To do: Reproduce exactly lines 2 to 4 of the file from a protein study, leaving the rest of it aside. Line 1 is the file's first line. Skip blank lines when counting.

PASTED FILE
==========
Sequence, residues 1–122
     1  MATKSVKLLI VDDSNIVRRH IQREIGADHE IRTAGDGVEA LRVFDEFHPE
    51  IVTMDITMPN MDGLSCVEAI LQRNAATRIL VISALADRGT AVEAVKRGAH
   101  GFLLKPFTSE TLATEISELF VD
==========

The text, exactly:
     1  MATKSVKLLI VDDSNIVRRH IQREIGADHE IRTAGDGVEA LRVFDEFHPE
    51  IVTMDITMPN MDGLSCVEAI LQRNAATRIL VISALADRGT AVEAVKRGAH
   101  GFLLKPFTSE TLATEISELF VD